SUMMARY OF AMNESTY INTERNATIONAL’S SUMISSIONS TO THE UN HUMAN RIGHTS COUNCIL ON CANADA’S UNIVERSAL PERIODIC REVIEW
Canada underwent its second Universal Periodic Review (UPR) before the UN Human Rights Council in May 2018. Amnesty International provided submissions highlighting our concerns about Canada’s ongoing flawed implementation of human rights obligations. In our submissions, Amnesty International noted Canada’s piecemeal rather than systemic approach to implementing the UN Declaration on the Rights of Indigenous Peoples (UNDRIP), as well as the delay in implementing an ombudsperson to regulate the human rights impact of Canadian extractive companies abroad and to provide accountability for their activities. We also commented on the lack of effective enforcement, and the denial of judicial protection, for economic, social, and cultural rights.
Also of concern are human rights violations against Indigenous peoples, including land rights and methylmercury contamination affecting Indigenous rights and communities; the prevalence of gender-based violence, particularly against Indigenous women, girls, and two-spirit people; the arbitrary and unlawful detention of immigrants, denial of health care for undocumented migrants, and the exposure of refugee claimants to human rights violations due to the Safe Third Country Agreement; and concerns regarding torture, the deportation of persons to places that would put them at risk of torture or ill-treatment (refoulement), and solitary confinement.
We made several recommendations to Canada based on these concerns in our submissions.
OUTCOMES OF THE REVIEW
107 states participated in Canada’s UPR and asked questions regarding the country’s human rights record, resulting in 275 recommendations set out in the report of the UPR Working Group. The recommendations reflected concerns about the ratification of international human rights instruments (including Optional Protocols) to which Canada is not yet a party; the coordination and mechanisms of implementing human rights obligations across all levels of government; discrimination and human rights violations against racial minorities and Indigenous people; the protection of the rights and languages of Indigenous peoples, including addressing access to health, water, food security, education, and employment; violence and other discrimination against women, particularly Indigenous women and girls (including forced sterilization); racial profiling and hate crimes; human rights impacts of transnational Canadian companies operating overseas; excessive force by law enforcement and disproportionate incarceration of minority groups; employment disparities; rights for persons with disabilities; and the conditions of immigrants and refugees, particularly immigration detention and refoulement.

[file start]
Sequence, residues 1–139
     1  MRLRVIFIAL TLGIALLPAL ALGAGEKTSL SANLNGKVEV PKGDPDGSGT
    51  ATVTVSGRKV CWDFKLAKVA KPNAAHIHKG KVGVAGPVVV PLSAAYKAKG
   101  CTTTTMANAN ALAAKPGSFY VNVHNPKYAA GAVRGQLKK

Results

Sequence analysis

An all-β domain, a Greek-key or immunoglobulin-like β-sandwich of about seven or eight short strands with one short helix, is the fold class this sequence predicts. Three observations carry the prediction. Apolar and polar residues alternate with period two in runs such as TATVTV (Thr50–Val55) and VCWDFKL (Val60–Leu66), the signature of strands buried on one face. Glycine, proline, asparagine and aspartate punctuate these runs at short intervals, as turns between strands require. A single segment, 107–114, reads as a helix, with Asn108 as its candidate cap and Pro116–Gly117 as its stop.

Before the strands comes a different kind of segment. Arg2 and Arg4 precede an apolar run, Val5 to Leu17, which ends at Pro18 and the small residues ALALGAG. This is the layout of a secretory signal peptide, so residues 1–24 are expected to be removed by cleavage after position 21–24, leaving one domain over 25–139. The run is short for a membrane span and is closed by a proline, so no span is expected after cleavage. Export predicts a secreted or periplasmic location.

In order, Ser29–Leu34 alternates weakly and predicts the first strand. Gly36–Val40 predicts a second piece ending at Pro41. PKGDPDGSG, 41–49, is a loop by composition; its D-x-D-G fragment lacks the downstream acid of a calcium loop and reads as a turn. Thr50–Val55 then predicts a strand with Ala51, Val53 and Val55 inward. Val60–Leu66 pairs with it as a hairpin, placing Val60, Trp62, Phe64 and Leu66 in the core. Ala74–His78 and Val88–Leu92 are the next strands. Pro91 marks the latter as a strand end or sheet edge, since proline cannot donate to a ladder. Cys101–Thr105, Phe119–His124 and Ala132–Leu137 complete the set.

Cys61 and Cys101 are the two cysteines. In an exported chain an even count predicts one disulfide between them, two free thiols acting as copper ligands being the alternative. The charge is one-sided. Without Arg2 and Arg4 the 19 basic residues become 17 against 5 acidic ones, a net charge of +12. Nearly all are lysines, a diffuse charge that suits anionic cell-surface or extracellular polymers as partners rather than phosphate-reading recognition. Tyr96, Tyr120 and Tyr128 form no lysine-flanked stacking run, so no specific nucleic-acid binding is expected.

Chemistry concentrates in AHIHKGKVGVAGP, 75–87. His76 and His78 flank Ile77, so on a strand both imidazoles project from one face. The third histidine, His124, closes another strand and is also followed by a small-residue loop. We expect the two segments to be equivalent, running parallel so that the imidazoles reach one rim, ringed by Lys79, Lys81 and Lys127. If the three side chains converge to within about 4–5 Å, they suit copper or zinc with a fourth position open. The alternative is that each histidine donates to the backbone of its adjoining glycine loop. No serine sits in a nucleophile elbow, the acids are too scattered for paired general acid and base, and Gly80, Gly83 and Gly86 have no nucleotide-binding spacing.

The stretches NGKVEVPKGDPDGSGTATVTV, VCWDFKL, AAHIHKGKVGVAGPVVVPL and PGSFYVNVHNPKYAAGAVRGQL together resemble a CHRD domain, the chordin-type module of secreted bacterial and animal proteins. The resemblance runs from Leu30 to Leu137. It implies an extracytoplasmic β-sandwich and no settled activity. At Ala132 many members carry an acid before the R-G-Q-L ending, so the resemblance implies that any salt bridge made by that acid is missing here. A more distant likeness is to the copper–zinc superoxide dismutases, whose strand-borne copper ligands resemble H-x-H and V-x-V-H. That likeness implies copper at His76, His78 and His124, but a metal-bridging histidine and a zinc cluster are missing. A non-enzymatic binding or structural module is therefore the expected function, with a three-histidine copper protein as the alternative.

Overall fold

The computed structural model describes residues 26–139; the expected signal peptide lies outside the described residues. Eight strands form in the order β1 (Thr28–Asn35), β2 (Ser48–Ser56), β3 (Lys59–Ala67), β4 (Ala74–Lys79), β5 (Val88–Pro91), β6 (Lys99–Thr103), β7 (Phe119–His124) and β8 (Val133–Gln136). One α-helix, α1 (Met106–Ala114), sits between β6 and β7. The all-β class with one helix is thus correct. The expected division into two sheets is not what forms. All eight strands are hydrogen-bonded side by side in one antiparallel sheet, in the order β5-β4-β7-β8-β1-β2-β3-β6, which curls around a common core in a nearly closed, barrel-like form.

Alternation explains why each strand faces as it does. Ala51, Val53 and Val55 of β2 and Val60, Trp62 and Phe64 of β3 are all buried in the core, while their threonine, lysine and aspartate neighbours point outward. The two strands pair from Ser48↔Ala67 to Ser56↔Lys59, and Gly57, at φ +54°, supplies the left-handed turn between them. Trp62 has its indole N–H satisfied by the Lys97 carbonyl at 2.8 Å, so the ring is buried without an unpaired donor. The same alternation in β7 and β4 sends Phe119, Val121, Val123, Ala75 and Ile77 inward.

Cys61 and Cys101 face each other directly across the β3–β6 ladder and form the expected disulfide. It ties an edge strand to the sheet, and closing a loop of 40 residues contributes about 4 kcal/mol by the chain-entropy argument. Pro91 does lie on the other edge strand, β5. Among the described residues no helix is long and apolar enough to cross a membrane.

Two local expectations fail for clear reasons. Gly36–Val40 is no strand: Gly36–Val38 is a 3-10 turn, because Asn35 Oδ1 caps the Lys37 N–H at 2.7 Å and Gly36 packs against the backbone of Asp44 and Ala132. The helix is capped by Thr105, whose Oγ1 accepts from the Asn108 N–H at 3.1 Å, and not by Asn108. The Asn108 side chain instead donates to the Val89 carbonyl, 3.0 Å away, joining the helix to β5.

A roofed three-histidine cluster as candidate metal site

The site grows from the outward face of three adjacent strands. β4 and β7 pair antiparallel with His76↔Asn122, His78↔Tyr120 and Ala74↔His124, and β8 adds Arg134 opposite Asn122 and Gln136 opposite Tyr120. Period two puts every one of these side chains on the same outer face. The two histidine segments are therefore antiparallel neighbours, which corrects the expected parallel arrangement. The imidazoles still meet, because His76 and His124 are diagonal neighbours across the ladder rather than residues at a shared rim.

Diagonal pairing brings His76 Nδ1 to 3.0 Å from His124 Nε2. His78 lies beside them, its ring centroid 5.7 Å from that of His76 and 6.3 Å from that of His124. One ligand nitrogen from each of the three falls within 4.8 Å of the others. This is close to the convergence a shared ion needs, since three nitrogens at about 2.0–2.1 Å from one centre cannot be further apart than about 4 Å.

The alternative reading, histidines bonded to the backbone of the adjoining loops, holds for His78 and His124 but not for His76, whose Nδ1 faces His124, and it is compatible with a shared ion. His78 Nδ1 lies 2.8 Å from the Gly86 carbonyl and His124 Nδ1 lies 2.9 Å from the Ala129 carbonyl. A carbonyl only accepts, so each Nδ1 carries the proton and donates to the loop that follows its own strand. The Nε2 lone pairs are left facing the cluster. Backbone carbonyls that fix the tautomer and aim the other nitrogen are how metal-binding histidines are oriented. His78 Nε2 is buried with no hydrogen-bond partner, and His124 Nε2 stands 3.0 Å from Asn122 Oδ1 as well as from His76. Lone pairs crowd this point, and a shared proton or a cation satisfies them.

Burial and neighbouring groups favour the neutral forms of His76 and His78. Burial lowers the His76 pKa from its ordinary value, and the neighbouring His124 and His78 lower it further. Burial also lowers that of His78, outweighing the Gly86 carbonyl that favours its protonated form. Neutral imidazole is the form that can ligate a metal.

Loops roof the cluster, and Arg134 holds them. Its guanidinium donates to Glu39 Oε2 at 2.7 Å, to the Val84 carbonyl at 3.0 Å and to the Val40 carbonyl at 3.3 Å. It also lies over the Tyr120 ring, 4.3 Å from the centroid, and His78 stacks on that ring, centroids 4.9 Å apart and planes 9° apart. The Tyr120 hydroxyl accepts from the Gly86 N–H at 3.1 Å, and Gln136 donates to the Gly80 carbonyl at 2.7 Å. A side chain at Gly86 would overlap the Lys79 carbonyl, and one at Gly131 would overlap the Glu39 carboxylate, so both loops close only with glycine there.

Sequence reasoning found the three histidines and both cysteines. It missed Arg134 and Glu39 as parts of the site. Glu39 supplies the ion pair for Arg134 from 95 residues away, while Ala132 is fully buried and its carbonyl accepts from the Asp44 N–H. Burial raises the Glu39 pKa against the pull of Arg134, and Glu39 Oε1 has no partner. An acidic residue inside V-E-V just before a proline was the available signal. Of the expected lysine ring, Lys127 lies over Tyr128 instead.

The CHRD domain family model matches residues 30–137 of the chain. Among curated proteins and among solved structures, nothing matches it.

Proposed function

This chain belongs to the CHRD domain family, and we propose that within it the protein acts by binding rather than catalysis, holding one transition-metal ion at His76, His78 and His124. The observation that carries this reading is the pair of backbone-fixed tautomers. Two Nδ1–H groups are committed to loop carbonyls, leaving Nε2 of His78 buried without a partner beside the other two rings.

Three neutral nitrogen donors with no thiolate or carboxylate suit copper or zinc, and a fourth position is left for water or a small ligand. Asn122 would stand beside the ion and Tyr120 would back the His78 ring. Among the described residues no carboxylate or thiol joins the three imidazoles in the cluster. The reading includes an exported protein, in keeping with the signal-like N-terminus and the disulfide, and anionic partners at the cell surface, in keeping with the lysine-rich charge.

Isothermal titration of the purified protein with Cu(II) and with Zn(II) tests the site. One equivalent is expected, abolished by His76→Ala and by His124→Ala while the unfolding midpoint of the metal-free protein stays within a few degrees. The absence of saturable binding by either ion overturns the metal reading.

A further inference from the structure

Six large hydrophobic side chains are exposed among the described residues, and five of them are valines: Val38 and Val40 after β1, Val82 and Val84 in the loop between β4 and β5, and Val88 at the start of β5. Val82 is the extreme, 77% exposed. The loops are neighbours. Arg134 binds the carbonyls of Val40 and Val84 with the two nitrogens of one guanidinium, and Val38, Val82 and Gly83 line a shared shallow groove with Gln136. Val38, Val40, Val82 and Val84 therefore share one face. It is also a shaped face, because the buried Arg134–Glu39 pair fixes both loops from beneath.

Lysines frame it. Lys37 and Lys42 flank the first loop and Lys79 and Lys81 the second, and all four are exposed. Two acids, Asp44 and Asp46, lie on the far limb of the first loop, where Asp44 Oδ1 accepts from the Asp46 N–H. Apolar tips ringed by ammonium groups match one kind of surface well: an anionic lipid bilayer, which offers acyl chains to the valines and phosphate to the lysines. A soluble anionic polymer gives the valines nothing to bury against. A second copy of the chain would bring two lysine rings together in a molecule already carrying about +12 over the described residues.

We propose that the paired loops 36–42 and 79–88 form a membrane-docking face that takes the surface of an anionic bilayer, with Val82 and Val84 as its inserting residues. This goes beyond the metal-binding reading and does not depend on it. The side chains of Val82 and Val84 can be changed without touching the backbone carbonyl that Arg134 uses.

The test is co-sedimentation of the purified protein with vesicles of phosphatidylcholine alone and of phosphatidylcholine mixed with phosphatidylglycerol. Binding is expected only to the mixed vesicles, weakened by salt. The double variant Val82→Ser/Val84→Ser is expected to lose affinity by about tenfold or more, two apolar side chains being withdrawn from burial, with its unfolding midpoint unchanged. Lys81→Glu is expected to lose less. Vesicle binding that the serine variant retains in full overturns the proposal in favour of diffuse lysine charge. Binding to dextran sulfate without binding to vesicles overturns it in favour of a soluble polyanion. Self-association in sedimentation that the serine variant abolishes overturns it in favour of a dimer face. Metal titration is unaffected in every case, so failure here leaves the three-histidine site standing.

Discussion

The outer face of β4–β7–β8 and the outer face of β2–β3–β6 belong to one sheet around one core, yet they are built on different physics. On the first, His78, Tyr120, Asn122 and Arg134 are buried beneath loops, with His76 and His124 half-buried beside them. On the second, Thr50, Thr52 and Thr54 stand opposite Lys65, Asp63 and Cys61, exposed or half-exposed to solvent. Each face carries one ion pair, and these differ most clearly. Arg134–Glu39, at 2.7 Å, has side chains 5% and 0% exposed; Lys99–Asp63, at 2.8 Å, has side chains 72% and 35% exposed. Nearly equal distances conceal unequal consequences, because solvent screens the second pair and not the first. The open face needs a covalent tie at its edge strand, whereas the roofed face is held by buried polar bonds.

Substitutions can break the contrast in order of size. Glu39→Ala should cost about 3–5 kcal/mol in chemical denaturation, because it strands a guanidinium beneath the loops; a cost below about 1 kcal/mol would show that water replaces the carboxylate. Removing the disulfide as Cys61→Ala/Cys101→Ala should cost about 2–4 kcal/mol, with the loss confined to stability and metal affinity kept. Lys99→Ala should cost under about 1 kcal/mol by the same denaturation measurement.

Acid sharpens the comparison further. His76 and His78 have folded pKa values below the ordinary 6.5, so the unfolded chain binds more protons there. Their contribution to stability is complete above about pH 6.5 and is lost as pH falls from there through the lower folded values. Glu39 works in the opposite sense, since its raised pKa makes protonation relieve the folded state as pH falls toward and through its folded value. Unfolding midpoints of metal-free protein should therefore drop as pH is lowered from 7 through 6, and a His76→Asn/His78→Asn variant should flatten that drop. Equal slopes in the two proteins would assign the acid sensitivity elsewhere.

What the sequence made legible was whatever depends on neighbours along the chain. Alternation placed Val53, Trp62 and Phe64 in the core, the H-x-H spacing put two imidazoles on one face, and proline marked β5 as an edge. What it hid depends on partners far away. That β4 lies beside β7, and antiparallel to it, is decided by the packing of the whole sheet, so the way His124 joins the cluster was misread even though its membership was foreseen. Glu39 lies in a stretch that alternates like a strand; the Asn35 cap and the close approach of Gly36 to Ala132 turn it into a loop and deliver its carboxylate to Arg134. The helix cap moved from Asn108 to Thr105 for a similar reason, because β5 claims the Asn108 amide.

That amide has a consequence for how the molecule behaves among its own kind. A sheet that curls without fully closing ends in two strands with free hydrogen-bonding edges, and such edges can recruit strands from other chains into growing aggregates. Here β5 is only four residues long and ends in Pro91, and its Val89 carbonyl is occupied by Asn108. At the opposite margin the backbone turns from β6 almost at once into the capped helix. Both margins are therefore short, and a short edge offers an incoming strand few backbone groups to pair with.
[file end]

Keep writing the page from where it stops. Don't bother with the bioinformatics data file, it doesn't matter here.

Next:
Canada responded to the UPR in August 2018 and accepted 208 out of 275 recommendations. Amnesty International is disappointed in Canada’s response, because these acceptances primarily confirm initiatives that are already underway and do not substantially advance the state of human rights in Canada. The lack of concrete plans and timelines to coordinate implementation of international human rights across federal, provincial, and territorial governments is concerning.
Of notable concern to Amnesty is Canada’s refusal to address concerns about inadequate protection of economic, social and cultural rights; continued inaction regarding a national action plan to address violence against Indigenous women and girls; and Canada’s continuing approval of major resource projects without the consent or partnership of Indigenous peoples.
Canada’s report to the UN Human Rights Council for its 2018 Universal Periodic Review (A/HRC/WG.6/30/CAN/1, April 2018)
Report of the Working Group on the Universal Periodic Review (A/HRC/39/11, July 2018)
Canada’s response to the 2013 UPR recommendations (A/HRC/39/11/Add.1, September 2018)
“The UPR of Canada is a missed opportunity to escalate human rights commitments” (Amnesty International Public Statement, 21 September 2018)